Contextual Collaboration Software

What Does Contextual Collaboration Software Mean?

Contextual collaboration software is a type of software that facilitates group collaboration through a variety of interactive applications in a single interface. Such resources create a sense that remotely located collaborators are "working in the same room."

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Contextual collaboration involves a high degree of presence technology, or tools that facilitate user interaction.

Techopedia Explains Contextual Collaboration Software

Common contextual collaboration elements include resources that function like standard instant messaging (IM) systems, where users can collaborate on shared goals through real-time chat. Some contextual collaboration tools have additional information, like scheduled chat times or notes from earlier meetings. Digital video is a key contextual collaboration resource.

Sharing, or joint access to relevant project files and data, is another major element of contextual collaboration. When a group can review resources collaboratively, joint decisions are made more easily.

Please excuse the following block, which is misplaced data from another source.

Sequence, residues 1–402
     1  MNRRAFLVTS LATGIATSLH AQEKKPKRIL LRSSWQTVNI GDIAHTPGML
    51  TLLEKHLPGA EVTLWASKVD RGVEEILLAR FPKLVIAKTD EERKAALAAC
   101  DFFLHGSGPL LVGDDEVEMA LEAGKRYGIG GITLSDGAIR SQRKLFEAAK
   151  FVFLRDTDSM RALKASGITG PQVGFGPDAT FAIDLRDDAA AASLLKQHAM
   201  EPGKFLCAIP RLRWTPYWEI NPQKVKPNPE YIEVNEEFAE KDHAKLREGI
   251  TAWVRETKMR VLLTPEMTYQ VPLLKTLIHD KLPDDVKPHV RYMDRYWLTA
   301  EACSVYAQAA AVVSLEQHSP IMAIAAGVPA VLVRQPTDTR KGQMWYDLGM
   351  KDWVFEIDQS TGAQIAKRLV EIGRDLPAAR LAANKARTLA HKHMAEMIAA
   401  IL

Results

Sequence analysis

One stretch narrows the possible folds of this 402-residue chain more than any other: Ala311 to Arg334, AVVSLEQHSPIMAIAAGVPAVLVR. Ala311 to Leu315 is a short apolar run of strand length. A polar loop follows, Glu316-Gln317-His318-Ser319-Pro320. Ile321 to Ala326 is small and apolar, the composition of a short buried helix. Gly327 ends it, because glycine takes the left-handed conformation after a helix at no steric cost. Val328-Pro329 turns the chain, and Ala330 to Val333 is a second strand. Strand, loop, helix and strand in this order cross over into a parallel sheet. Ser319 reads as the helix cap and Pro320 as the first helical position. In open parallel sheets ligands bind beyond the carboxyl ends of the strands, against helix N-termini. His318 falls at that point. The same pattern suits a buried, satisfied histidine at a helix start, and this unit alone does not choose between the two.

Contextual collaboration accommodates file sharing and joint viewing, which allows group members to access the same information and operate from the same knowledge base, meaning that group members have the ability to easily refer to these resources through real-time communications.

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Margaret Rouse
Technology Expert

Margaret is an award-winning technical writer and teacher known for her ability to explain complex technical subjects to a non-technical business audience. Over the past twenty years, her IT definitions have been published by Que in an encyclopedia of technology terms and cited in articles by the New York Times, Time Magazine, USA Today, ZDNet, PC Magazine, and Discovery Magazine. She joined Techopedia in 2011. Margaret's idea of a fun day is helping IT and business professionals learn to speak each other’s highly specialized languages.